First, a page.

Rosner spent much of the late Disco Era as an undercover high school student. In addition, he spent 25 years as a bar bouncer and American fake ID-catcher, and 25+ years as a stripper, and nearly 30 years as a writer for more than 2,500 hours of network television. He came in second or lost on Jeopardy!, sued Who Wants to Be a Millionaire over a flawed question and lost the lawsuit. He won one game and lost one game on Are You Smarter Than a Drunk Person? (He was drunk). Finally, he spent 37+ years working on a time invariant variation of the Big Bang Theory. 

Currently, Rosner sits tweeting in a bathrobe (winter) or a towel (summer). He lives in Los Angeles, California with his wife, dog, and goldfish. He and his wife have a daughter. You can send him money or questions at LanceversusRick@Gmail.Com, or a direct message via Twitter, or find him on LinkedIn, or see him on YouTube.

Scott Douglas Jacobsen

Editor-in-Chief, In-Sight Publishing
In-Sight Publishing

(Updated September 28, 2016)

Scott Douglas Jacobsen founded In-Sight: Independent Interview-Based Journal and In-Sight Publishing. He authored/co-authored some e-books, free or low-cost. If you want to contact Scott:, Scott.Jacobsen@TrustedClothes.Com, Scott@ConatusNews.Com,, Scott@Karmik.Ca, or SJacobsen@AlmasJiwaniFoundation.Org.

He is a Moral Courage Webmaster and Outreach Specialist (Fall, 2016) at the UCI Interdisciplinary Center for the Scientific Study of Ethics and Morality (Ethics Center), Interview Columnist for Conatus News, Writer and Executive Administrator for Trusted Clothes, Interview Columnist for Basic Income Earth Network (BIEN), Chair of Social Media for the Almas Jiwani Foundation, Councillor for the Athabasca University Student Union, Member of the Learning Analytics Research Group, writer for The Voice MagazineYour Political Party of BCProBCMarijuana Party of CanadaFresh Start Recovery CentreHarvest House Ministries, and Little Footprints Big Steps International Development Organization, Editor and Proofreader for Alfred Yi Zhang Photography, Community Journalist/Blogger for Gordon Neighbourhood House, Member-at-Large, Member of the Outreach Committee, the Finance & Fundraising Committee, and the Special Projects & Political Advocacy Committee, and Writer for Canadian Students for Sensible Drug Policy, Member of the Lifespan Cognition Psychology Lab and IMAGe Psychology Lab, Collaborator with Dr. Farhad Dastur in creation of the CriticalThinkingWiki, Board Member, and Foundation Volunteer Committee Member for the Fraser Valley Health Care Foundation, and Independent Landscaper.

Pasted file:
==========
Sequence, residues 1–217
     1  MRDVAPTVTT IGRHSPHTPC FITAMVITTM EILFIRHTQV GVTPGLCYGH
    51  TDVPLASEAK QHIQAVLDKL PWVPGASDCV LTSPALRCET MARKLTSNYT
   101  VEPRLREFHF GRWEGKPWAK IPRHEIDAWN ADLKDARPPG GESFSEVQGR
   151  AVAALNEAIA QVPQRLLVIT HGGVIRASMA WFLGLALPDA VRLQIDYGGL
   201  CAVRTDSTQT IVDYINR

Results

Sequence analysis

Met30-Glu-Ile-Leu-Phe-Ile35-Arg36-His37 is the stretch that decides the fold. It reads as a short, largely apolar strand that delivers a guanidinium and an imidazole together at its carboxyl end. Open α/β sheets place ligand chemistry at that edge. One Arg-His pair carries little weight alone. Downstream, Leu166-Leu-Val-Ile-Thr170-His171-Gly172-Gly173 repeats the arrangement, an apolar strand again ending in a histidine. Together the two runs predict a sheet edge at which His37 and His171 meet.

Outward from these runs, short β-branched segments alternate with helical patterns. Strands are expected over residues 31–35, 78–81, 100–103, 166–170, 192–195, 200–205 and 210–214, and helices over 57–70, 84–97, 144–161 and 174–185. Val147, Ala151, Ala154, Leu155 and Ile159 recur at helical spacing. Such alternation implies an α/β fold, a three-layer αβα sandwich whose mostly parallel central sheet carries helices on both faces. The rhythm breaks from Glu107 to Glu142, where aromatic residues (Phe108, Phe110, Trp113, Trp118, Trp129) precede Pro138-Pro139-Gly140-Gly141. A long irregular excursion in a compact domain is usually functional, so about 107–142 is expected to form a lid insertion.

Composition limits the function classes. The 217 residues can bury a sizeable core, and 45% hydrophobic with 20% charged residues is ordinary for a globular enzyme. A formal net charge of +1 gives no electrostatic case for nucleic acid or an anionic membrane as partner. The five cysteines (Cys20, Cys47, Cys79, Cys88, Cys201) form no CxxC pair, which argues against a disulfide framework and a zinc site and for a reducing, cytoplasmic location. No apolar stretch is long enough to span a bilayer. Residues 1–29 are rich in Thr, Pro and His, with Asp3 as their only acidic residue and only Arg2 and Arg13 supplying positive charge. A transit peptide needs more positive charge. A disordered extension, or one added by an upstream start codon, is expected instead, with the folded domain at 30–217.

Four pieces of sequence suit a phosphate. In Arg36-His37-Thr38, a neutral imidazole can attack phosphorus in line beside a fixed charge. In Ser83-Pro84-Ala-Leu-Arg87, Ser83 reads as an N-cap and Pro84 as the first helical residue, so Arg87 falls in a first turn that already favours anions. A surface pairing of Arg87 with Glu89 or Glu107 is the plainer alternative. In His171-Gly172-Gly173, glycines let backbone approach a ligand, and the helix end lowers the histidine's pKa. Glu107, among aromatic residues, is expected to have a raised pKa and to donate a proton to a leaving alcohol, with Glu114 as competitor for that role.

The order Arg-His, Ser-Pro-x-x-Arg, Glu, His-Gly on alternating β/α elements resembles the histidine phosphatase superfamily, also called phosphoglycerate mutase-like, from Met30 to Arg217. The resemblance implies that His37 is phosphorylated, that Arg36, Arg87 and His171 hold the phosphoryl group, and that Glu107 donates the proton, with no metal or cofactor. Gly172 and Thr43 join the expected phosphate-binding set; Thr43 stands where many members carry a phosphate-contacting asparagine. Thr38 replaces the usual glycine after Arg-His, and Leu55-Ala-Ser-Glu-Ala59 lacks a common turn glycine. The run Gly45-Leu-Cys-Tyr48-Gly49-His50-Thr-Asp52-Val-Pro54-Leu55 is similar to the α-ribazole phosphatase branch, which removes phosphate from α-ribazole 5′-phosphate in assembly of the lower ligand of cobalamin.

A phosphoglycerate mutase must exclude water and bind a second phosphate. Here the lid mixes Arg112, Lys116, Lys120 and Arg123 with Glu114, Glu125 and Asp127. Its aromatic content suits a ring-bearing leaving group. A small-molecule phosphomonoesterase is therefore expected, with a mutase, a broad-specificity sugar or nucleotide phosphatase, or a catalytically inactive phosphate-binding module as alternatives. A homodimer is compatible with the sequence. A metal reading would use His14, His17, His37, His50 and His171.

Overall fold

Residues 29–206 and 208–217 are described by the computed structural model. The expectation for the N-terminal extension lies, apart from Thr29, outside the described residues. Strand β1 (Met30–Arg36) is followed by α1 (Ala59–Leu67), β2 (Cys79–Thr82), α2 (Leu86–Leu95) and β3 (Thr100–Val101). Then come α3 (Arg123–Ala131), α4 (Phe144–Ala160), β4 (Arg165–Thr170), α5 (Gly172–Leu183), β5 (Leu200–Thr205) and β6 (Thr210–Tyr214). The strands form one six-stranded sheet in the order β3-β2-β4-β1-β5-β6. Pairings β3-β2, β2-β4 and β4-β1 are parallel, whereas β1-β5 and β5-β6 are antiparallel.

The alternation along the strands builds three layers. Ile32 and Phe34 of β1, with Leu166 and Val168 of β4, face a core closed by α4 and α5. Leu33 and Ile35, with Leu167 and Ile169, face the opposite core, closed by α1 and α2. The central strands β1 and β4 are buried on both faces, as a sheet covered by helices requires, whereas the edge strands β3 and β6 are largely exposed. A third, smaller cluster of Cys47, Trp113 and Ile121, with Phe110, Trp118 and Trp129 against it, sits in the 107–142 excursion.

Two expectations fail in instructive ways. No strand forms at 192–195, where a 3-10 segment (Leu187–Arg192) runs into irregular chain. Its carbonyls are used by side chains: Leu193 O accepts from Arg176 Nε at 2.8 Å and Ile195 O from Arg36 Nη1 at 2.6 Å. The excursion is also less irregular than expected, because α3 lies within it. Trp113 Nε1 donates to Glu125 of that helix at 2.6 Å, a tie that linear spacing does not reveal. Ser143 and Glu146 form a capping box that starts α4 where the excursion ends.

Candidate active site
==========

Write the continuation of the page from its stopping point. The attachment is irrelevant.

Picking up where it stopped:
He was a Francisco Ayala Scholar at the UCI Ethics Center, Member of the Psychometric Society Graduate Student Committee, Special Advisor and Writer for ECOSOC at NWMUN, Writer for TransplantFirstAcademy and ProActive Path, Member of AT-CURA Psychology Lab, Contributor for a student policy review, Vice President of Outreach for the Almas Jiwani Foundation, worked with Manahel Thabet on numerous initiatives, Student Member of the Ad–Hoc Executive Compensation Review Committee for the Athabasca University Student Union, Volunteer and Writer for British Columbia Psychological Association, Community Member of the KPU Choir (even performed with them alongside the Vancouver Symphony Orchestra), Delegate at Harvard World MUN, NWMUN, UBC MUN, and Long Beach Intercollegiate MUN, and Writer and Member of the Communications Committee for The PIPE UP Network.

He published in American Enterprise InstituteAnnaborgiaConatus NewsEarth Skin & EdenFresh Start Recovery CentreGordon Neighbourhood HouseHuffington PostIn-Sight: Independent Interview-Based JournalJolly DragonsKwantlen Polytechnic University Psychology DepartmentLa Petite MortLearning Analytics Research GroupLifespan Cognition Psychology LabLost in SamaraMarijuana Party of CanadaMomMandyNoesis: The Journal of the Mega SocietyPiece of MindProduction ModeSynapseTeenFinancialThe PeakThe UbysseyThe Voice MagazineTransformative DialoguesTreasure Box KidsTrusted Clothes.